2011 in review: Top 9 PGA Tour storylines

Seve Ballesteros during the 1988 British Open at Royal Lytham and St. Annes Golf Course.

Seve Ballesteros during the 1988 British Open at Royal Lytham and St. Annes Golf Course.

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With Molokai, Lanai, and a brilliant, blue Pacific serving as a backdrop, the opening tee shot for 2011 came on January 6. Nearly 11 months later, Tiger Woods holed a putt that didn’t mean anything officially, but everything mentally.

In between, there were storylines on top of subplots, minor dramas, and silly soap opera-like tales. Indeed, the 2011 PGA Tour season introduced us to new faces, while keeping us in touch with old stories.

Here is one man’s pick for the nine that left the greatest impact:

1. Death of an icon

May 7, 2011 was not a day for provincial standing. If you embrace golf and cherish this present-day landscape that is both competitive and global, then this was a day to give thanks to legend who helped make it that way.

Seve Ballesteros died at 54, but his legacy is still very much with us.

It has been said that he was to the European PGA Tour what Arnold Palmer was to the American PGA Tour, but you could argue that Ballesteros may have been more important. That is not a slight to a king, but rather a bow to a man who was described by David Feherty as having “a lot of villain in him – but in a Robin Hood sort of way.”

Ballesteros almost single-handedly made the Ryder Cup a big deal and he deserves much of the credit for the European PGA Tour’s massive growth. While leaders of the world tours today are so quick to join forces and cash in on global golf, as if they invented it, more than 25 years ago the Spaniard offered a stinging criticism to those who didn’t see what he saw.

About then PGA Tour Commissioner Deane Beman, Ballesteros said: “He only cares about the U.S. tour. A man who loves this game should care about an international tour.”

Surely, few loved the game as Ballesteros did. He was a true artist, a genius with stick and ball, and while we never learned how it is he did what he did, we appreciated how he showed us you couldn’t expect to hit perfect shots all the time, but you could demand of yourself to never give up.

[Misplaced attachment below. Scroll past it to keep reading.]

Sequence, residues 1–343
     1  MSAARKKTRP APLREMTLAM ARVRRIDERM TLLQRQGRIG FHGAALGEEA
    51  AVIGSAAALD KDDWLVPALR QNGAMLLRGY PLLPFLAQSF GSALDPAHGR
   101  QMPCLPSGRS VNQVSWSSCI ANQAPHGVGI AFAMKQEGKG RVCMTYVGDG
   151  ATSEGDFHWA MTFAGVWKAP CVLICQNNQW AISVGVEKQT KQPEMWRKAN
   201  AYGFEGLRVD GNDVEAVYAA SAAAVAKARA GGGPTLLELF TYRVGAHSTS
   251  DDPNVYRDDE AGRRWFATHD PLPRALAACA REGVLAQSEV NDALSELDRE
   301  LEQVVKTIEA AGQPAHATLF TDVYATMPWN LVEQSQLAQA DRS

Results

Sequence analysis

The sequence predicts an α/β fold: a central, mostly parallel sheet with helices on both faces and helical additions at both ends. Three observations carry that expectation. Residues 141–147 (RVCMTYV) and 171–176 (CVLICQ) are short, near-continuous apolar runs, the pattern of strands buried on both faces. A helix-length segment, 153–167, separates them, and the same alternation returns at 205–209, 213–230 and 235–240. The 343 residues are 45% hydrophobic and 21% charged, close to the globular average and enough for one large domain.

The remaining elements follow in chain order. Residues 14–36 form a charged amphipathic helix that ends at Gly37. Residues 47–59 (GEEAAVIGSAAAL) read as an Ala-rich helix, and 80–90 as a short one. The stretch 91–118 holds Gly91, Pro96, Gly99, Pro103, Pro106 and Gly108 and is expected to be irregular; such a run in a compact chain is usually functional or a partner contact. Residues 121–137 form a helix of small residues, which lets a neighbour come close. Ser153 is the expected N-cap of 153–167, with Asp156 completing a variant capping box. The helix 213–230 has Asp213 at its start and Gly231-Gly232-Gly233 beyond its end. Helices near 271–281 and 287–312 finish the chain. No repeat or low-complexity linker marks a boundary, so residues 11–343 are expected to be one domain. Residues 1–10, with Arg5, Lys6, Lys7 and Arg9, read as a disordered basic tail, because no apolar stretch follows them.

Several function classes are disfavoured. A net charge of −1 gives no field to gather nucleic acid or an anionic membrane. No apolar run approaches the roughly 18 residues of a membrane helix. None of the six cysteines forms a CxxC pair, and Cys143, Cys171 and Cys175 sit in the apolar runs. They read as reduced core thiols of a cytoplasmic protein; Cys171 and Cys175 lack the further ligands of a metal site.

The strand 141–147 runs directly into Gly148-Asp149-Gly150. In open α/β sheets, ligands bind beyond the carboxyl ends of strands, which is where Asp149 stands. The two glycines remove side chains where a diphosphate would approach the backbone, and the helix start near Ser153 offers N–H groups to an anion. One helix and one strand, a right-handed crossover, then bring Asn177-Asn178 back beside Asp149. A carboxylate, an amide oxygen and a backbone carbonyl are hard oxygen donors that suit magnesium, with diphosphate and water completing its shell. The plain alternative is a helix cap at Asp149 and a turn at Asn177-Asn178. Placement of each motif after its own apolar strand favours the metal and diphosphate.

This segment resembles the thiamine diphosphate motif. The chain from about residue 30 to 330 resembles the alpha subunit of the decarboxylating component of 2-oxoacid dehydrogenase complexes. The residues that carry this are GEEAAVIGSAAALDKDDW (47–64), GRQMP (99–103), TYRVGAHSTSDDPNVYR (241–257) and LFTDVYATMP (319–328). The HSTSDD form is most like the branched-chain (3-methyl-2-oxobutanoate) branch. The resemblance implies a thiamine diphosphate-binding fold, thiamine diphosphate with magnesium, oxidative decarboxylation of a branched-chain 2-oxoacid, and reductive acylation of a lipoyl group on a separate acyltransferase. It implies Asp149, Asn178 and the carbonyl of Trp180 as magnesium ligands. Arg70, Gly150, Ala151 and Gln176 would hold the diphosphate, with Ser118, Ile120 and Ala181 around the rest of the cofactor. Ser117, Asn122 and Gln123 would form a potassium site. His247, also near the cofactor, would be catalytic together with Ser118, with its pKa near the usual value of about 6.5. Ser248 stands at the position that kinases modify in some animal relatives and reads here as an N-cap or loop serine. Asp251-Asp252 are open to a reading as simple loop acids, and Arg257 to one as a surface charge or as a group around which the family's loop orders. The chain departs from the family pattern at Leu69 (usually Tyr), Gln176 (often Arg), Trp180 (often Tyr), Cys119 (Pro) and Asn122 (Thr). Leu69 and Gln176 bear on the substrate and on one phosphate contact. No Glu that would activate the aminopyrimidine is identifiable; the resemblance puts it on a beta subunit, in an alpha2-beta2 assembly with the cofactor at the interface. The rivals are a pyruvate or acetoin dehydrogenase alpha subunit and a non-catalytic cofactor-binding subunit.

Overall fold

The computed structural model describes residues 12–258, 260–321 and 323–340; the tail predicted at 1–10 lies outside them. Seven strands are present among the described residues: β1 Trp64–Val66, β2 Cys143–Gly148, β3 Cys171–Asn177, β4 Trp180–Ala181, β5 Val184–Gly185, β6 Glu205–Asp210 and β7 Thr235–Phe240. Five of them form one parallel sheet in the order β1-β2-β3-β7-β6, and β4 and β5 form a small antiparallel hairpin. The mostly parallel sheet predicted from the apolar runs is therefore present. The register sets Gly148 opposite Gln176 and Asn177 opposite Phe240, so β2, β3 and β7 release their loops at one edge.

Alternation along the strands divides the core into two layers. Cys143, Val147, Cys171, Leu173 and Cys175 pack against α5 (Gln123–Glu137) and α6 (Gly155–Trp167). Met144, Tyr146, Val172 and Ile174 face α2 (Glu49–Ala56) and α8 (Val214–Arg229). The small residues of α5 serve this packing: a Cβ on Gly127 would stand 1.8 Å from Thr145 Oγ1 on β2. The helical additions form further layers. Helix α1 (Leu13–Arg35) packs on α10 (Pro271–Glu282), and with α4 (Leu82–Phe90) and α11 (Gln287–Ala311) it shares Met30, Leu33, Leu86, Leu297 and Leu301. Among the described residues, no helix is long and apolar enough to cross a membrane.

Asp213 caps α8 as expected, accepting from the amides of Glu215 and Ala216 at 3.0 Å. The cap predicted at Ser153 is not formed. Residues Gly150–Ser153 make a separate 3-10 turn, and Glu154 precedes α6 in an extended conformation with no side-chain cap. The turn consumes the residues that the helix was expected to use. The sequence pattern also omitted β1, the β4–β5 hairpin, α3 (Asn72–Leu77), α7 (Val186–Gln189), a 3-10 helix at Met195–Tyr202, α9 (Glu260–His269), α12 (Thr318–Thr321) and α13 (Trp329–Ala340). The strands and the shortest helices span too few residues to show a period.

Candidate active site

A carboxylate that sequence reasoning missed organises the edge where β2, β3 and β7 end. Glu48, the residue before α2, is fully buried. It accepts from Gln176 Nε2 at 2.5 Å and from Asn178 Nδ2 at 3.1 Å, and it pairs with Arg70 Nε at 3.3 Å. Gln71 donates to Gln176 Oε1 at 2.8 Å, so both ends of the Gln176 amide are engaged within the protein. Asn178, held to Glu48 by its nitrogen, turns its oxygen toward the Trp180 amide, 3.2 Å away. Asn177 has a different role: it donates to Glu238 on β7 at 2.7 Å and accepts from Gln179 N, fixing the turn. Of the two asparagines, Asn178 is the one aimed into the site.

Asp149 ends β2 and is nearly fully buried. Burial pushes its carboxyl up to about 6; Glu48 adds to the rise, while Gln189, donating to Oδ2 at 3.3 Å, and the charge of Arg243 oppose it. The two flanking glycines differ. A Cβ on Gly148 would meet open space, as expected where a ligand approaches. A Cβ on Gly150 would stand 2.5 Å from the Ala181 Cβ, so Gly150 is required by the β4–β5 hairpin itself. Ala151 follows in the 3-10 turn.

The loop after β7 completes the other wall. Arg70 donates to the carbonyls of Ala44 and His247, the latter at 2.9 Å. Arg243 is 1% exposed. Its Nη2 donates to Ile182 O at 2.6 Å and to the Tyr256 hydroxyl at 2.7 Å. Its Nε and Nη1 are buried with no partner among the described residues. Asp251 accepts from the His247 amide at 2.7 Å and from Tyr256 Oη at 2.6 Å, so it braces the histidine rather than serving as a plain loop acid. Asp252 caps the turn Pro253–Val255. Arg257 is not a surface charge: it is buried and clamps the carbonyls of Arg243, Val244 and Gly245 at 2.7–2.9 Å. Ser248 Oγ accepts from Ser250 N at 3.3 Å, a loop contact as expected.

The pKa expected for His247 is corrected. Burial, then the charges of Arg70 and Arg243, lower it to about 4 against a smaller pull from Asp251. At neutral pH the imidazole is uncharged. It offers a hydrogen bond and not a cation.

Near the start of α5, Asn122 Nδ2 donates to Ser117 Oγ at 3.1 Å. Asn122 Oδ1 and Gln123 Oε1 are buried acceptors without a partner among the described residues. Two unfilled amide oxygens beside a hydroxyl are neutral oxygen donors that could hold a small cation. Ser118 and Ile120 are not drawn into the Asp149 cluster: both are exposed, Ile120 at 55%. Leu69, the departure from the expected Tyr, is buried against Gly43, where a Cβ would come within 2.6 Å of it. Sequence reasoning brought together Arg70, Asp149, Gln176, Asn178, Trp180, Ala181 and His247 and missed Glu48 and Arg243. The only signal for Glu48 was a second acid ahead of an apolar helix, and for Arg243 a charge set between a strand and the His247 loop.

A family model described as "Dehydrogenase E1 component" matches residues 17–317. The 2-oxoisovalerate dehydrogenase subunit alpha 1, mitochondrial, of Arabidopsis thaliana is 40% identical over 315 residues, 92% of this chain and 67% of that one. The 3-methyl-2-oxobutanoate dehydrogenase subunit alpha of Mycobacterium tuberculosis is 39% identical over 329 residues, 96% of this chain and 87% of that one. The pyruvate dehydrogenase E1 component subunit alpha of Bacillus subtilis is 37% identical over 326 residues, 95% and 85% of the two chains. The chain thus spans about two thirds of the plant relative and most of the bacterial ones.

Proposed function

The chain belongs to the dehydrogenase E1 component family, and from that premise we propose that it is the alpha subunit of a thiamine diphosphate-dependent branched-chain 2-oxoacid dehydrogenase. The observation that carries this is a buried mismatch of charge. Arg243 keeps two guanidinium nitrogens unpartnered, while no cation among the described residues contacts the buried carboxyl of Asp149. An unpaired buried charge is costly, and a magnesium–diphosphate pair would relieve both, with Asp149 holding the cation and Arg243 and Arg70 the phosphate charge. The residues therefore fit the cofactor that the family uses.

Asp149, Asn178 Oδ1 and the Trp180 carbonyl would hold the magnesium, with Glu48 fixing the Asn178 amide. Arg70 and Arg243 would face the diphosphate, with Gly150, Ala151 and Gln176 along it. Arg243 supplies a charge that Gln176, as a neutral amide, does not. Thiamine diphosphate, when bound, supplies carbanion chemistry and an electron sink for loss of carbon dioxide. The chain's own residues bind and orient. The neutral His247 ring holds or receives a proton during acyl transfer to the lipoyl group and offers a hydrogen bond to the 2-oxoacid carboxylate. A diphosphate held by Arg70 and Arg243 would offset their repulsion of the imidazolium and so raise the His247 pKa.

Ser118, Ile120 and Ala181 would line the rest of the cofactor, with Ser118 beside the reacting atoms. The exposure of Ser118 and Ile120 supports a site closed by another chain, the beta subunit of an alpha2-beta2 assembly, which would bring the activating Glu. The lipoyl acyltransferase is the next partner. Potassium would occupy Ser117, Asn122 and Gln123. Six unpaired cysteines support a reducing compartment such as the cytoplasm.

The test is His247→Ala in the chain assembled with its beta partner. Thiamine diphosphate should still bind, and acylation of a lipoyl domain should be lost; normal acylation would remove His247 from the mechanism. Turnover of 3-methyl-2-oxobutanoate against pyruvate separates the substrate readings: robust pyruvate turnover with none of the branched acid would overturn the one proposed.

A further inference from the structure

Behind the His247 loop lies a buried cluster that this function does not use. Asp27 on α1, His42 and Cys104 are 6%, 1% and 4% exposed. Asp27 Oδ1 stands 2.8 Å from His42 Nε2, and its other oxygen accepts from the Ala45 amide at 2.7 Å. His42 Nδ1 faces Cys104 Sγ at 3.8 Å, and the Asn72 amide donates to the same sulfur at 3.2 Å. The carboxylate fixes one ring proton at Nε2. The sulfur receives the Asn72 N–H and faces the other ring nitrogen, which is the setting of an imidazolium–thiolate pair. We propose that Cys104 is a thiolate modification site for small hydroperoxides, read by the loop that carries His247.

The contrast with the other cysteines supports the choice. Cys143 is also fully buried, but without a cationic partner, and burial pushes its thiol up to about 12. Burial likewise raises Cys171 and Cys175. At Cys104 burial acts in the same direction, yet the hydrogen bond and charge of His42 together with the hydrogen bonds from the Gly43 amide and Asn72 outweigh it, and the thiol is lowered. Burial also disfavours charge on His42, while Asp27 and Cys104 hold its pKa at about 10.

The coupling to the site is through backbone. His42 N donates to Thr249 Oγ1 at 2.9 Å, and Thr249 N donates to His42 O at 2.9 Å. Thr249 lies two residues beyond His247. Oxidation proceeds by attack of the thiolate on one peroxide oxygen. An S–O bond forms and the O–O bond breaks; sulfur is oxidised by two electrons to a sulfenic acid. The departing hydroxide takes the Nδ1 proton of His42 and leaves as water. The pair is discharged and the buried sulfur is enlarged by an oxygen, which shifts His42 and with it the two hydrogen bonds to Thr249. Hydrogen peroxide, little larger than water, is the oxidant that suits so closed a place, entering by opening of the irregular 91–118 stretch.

• • •

2. Money man times two

Ah, talk about your perfect segue into a season to be toasted, Luke Donald’s double-header conquest. Money titles on both sides of the pond – No. 1 in the U.S. thanks to a dash to the finish line by winning at Disney World; No. 1 in Europe by virtue of three of his four worldwide triumphs.

Dignified and appreciative that he is, we’ll assume Donald somewhere along the line has given a moment’s thought to what Ballesteros and his European contemporaries (Nick Faldo, Bernhard Langer, Sandy Lyle, Ian Woosnam) did to open doors for future generations.

You could make a case to offer a disclaimer to Donald being the first to lead both money lists in the same season (Greg Norman in 1986 and Tiger Woods on three occasions would have done so, had they had dual memberships and played the minimum). But put that aside and offer congratulations to Donald for season-long brilliance and remarkable consistency – four wins and 18 top 10s in 25 starts on the American and European PGA Tours.

(For the record, he played twice as many pure American PGA Tour stops as pure European PGA Tour tournaments, 12-6. He sprinkled in four majors and three World Golf Championships, which count against both minimums – 15 in America, 13 in Europe.)

There is a twist of fun to be had with the way Donald is being feted by European loyalists because those same European loyalists used to roast the Englishman for being too soft and too content to haul in money, even if he didn’t win. Ah, but all is forgiven and the bottom line to Donald’s accomplishment is this: It bodes well for marquee names in years to come to try and juggle both tours, which is good for both America and Europe.

• • •

3. The long putter

Webb Simpson won twice and so, too, did Keegan Bradley, whose dramatic triumph in the PGA Championship came in his major championship debut.

Wonderful talents, bright futures, but oh, how, the excitement snowballed thanks to what these young men did. Oh, and you can blame Adam Scott, and Brendan Steele, for that matter, because all of them wielded long putters, had success, and got people to thinking that Ben Hogan really would have uncovered the “secret” had he anchored a putter to his belly.

The best putting performance of the year? How about Charl Schwartzel’s birdie-birdie-birdie-birdie finish to win the Masters? No one had ever done that before. Or perhaps Donald, who merely holed key putts every week for about 11 months. Or maybe Rory McIlroy, who probably made more birdies in the 2011 U.S. Open than some guys will make in a dozen of those tournaments.

Each of them used a regulation putter and it would be nice if that side of the story was examined to offset the hysteria attached to something that is a solution for some, but not the answer for everyone.

• • •

4. An unlikely stopper

Tiger Woods spent too much time in water and sand. Phil Mickelson birdied just two of his first 27 holes and never got any sort of rhythm going. Jim Furyk? Missing for most of the 2011 campaign. Steve Stricker? Gutted it out, but shoulder woes left him without enough power.